Every week, Dear Prudence answers additional questions from readers, just for Slate Plus members.
Q. Uninked: It’s been a tough couple of years and I felt I wanted to mark the fact that I had survived it in some way. I finally decided on a tattoo, but when I mentioned the idea to my husband, he was far from supportive.
He says he’s always thought that they look “cheap, sleazy, and sad,” a signifier of “low class and lower intelligence.” He would never tell me not to get one but he is very clear that he would think less of me if I had one. I am torn. I still want one but I also appreciate that it’s a major turn off for him and will affect our relationship. Do I take his feelings into account?
A: If your husband is going to lose respect for you because of a tattoo that he understands is meaningful to you, the marriage is already hanging on by a thread. I assume this isn’t a giant design on your neck or face, so this likely isn’t even something as significant as a haircut, or a big physical change that he would notice every time he looked at you. It sounds more to me like he wants to control you and he’s intentionally made you worry about being diminished in his eyes if you do what you want.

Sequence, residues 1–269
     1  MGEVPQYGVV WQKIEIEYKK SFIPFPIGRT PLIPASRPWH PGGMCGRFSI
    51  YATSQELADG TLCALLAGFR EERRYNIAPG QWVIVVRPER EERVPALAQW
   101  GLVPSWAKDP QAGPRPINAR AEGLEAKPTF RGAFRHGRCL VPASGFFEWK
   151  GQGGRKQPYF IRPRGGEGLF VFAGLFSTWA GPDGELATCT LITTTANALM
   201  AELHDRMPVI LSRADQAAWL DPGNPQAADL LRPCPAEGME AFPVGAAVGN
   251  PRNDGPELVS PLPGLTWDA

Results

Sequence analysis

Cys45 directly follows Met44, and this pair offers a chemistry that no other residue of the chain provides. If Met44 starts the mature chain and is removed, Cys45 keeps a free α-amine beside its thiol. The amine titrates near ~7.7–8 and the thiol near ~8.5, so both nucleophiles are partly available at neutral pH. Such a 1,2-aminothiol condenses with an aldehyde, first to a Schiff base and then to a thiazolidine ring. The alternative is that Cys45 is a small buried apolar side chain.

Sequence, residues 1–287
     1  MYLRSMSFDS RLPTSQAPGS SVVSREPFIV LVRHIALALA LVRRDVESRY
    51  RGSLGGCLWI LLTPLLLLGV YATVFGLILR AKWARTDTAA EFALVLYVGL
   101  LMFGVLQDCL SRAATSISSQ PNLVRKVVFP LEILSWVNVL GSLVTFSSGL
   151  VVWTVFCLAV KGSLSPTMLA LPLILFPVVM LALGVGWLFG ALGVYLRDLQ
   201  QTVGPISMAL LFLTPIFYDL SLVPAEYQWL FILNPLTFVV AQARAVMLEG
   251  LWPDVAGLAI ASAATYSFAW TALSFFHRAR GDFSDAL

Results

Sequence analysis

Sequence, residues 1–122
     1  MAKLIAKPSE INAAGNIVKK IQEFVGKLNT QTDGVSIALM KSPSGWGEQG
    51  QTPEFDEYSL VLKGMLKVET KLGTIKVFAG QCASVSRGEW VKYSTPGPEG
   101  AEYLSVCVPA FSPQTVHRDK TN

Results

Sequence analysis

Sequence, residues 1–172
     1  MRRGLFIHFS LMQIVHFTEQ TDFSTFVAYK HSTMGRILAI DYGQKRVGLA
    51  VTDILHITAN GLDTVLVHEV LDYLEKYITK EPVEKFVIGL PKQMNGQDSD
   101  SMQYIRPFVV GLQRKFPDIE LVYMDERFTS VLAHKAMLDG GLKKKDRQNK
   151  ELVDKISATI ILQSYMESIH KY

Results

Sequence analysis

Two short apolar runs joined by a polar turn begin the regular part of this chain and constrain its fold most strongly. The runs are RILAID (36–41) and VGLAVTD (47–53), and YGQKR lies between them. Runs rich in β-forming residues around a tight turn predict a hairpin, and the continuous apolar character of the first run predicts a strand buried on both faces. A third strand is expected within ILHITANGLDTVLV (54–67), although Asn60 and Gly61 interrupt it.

So I say do it and see what happens. Because if the marriage can’t survive this, it definitely won’t survive any of the actual challenges you’re sure to have in the future.
I am a white person who grew up without any faith and started practicing Buddhism during college. I attended a temple, studied the history, and genuinely followed it for 13 years. During that time I got a large om symbol tattooed on my hand, which admittedly was a fad. While Buddhism is still extremely near to my heart, I kind of let it go after having to move to an area with no temples. And as the conversation about cultural appropriation has developed, I’ve been feeling deep tattoo regret.